A federal judge ruled in March that ProPublica’s lawsuit against the secretary of defense should move forward, as the news organization seeks to increase public access to the military’s court proceedings and records.

ProPublica sued in 2022, claiming the Pentagon has failed to issue rules ensuring that the services comply with a law that was supposed to make the military justice system more transparent.

Although ProPublica’s lawsuit originated from a single high-profile arson case in which the Navy refused to release records, the suit challenges the overall legality of the Pentagon’s current guidance, which allows the services to shroud much of the court-martial process in secret.

ProPublica has asked the court to order Secretary of Defense Lloyd Austin to issue proper rules for the release of records and other key information, such as hearing schedules. The government tried to get that part of the lawsuit dismissed, arguing that Austin had already used his rightful discretion to decide how to implement the law. An order “dictating the precise content of DOD guidance is beyond the jurisdiction of the courts,” the said.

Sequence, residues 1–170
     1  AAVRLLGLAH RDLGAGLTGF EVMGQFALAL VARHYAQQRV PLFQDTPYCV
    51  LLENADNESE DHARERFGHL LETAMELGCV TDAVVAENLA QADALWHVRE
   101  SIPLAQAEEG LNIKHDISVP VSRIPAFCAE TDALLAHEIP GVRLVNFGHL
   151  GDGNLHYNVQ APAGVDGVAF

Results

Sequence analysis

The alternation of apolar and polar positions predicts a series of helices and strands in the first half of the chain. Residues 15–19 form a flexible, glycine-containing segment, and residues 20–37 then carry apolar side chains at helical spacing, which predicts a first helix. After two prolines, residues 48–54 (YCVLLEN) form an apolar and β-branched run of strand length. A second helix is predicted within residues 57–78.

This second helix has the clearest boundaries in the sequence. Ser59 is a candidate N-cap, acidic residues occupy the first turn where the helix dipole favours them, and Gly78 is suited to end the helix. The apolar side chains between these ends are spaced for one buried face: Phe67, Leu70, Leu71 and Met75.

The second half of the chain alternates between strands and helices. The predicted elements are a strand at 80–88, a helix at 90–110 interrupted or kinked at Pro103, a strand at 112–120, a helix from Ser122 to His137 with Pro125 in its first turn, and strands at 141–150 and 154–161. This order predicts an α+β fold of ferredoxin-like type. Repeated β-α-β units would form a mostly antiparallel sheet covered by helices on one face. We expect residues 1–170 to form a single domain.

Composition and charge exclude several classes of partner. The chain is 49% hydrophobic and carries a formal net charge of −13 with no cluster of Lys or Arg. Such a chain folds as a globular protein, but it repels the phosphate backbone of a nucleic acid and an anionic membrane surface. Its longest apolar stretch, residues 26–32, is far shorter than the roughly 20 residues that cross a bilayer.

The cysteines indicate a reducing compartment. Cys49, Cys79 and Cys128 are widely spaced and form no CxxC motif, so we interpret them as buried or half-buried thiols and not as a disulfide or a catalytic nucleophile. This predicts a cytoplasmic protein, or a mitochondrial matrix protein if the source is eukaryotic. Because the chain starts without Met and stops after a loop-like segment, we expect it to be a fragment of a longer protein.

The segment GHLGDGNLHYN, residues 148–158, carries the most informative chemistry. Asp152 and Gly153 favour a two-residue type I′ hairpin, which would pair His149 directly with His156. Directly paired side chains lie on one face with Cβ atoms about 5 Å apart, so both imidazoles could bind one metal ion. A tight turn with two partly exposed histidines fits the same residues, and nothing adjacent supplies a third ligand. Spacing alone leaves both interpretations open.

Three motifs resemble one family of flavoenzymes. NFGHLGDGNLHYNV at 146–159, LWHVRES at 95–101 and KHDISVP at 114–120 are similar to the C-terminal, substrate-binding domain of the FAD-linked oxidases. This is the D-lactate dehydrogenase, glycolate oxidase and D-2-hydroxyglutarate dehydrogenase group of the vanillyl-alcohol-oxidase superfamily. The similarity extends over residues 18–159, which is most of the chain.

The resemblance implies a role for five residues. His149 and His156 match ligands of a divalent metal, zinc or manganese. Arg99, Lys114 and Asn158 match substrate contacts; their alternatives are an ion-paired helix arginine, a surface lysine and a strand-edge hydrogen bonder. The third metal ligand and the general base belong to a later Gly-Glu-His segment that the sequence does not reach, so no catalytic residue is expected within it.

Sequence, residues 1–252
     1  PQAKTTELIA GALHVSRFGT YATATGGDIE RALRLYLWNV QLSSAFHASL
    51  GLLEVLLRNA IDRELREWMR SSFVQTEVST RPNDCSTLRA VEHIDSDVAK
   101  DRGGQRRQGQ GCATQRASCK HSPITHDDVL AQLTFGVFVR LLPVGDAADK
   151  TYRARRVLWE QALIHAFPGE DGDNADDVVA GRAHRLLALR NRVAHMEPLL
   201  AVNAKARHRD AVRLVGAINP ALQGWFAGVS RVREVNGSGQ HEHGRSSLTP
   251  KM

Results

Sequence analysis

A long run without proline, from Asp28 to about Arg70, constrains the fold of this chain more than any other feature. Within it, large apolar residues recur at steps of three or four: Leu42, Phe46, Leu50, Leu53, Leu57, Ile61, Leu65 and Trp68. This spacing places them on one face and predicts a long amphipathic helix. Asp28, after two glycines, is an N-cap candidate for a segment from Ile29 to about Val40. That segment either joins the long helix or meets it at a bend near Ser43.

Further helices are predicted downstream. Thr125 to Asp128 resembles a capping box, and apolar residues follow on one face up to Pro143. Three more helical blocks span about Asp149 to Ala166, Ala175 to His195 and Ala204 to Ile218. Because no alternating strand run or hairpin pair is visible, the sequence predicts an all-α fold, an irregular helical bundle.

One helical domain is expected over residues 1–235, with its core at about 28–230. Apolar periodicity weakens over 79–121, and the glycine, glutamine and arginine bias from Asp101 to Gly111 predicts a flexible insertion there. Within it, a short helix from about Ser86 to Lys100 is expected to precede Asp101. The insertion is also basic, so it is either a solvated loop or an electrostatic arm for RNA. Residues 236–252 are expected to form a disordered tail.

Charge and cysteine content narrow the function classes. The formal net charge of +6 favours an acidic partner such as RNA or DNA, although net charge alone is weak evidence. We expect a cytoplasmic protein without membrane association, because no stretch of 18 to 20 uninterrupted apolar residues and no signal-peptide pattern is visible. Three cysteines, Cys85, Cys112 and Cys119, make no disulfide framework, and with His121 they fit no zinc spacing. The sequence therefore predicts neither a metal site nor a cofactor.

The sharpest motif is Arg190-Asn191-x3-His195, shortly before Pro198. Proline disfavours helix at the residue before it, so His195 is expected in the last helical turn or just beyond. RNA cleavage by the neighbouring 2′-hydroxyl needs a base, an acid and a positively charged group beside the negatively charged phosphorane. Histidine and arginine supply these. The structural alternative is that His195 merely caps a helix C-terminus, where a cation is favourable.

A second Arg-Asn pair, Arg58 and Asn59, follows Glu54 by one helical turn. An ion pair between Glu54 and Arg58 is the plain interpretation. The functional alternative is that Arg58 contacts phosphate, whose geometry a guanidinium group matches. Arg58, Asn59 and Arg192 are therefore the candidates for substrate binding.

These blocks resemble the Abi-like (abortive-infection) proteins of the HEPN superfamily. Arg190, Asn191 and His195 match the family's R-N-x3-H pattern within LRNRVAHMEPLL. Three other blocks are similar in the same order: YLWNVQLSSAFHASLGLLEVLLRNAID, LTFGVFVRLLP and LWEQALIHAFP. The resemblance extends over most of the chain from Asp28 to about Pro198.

The judge disagreed, writing that ProPublica has “plausibly alleged that the issued guidelines are clearly inconsistent with Congress’ mandate.” This is most apparent, the judge said, in the allegation that the Navy denies the public access to all records in cases that end in acquittals.

“We’re thrilled with this ruling,” said Sarah Matthews, deputy general counsel for ProPublica. “It recognizes that the military’s current guidelines clearly fail to ensure public access as required by Congress. That’s huge and should be a wake-up call to the Department of Defense, regardless of the outcome of this case.”

In 2016, Congress passed a law requiring the U.S. military’s six branches to increase public access to its court records, envisioning a system similar to federal courts, where the public has real-time electronic access to dockets, records and filings. It wasn’t until last year — seemingly spurred by ProPublica’s lawsuit — that Caroline Krass, general counsel for the Defense Department, issued new guidance for court records. But rather than making the system more transparent as lawmakers intended, Krass’ guidance mostly reinforced the individual services’ policies, which keep court records largely inaccessible to the public.